Even if your child has been at nursery or playgroup for a while, it can be a big change in both your daily lives when they start primary school.
Preparing your child for primary school.
Tell your child what to expect from school but don't oversell it. Most children like school and find it fun, but talking about how fantastic it is and how they'll always have lots of lovely children to play with will not stand them in good stead when some horrid kid pushes them out of the way to grab the last princess/pirate dressing-up costume.
Be positive, but also warn them gently that they may get tired and if they have any problems or feel sad they should tell their teacher.
Visit the school beforehand.
Most schools run frequent taster open days where you can explore the school and meet staff in an informal atmosphere.
If your child hasn't been to the school's nursery and doesn't have siblings at the school, make sure he or she sees the school before starting so they know what to expect.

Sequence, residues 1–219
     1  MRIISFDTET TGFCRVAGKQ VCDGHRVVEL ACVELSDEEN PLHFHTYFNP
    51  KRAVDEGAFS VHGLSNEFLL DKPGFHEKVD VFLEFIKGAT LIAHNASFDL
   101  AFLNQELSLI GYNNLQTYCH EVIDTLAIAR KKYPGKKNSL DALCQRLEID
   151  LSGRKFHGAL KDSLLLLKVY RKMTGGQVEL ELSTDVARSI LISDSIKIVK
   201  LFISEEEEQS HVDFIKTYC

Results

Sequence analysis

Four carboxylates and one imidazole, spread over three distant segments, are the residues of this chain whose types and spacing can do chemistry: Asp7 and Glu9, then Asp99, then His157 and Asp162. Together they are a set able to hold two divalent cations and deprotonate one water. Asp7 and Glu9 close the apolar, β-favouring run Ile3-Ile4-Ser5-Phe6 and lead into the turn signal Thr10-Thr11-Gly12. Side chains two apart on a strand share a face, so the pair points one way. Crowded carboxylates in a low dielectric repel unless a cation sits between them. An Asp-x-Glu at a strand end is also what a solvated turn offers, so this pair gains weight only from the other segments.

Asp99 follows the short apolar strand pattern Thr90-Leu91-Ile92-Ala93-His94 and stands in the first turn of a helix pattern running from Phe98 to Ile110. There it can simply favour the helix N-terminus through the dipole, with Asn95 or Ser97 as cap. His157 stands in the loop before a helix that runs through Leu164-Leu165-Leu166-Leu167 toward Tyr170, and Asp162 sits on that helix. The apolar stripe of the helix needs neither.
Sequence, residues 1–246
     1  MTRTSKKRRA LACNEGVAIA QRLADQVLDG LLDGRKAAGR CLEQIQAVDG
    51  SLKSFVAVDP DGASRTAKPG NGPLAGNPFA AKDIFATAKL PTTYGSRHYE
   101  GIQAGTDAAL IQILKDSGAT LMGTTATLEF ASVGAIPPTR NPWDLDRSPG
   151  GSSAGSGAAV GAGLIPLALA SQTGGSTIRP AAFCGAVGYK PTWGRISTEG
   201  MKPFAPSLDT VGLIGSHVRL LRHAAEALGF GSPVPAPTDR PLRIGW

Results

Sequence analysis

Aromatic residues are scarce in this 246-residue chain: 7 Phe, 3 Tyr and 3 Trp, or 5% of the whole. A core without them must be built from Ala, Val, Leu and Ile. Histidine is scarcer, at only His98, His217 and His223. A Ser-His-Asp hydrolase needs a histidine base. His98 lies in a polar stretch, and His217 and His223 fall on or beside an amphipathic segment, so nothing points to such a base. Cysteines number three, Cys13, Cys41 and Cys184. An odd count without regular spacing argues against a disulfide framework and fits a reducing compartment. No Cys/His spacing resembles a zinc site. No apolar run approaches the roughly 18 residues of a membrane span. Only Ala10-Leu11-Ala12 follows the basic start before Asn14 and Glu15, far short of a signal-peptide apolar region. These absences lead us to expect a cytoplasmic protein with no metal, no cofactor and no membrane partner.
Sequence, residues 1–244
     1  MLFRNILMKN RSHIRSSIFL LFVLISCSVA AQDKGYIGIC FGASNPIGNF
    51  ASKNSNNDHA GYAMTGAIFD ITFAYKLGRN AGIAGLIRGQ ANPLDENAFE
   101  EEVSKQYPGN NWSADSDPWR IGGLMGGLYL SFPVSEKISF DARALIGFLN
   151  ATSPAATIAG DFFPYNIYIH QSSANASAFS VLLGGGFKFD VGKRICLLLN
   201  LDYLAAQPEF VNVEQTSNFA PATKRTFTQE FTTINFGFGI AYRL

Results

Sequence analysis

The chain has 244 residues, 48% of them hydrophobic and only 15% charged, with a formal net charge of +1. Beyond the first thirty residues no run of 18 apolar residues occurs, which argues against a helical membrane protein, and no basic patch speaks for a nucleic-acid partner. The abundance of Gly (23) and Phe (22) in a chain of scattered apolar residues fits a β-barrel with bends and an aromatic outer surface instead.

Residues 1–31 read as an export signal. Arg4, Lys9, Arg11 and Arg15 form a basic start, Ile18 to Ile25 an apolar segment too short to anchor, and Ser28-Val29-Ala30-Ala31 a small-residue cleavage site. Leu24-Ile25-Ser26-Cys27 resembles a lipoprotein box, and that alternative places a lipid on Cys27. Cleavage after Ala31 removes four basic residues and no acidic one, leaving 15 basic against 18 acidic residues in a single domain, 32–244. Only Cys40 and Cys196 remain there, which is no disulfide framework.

Many schools do set up 'taster' sessions for the new September intake at the end of the summer term: don't worry, they won't start grading your child's reading level or anything; it's just a little look-and-play in the classroom, so your child doesn't have to walk into a totally unfamiliar room on their very first day.
Rehearse the school routine.
Run through the school routine. If you've been collecting your child from a playgroup at lunchtime, tell them that now they're more grown-up they'll be staying at school with the other children for the afternoon.
This can be a shock for some children who may get tired and tearful after lunch. You can reassure them that lots of children feel tired - and remind them of this when they refuse to go to bed at night.
As for the learning-things bit, do say they'll do lots of games to help them learn. You should be aware that some children will get upset that other kids in their class can read and they can't. Encourage lots of reading time at home and visits to the library.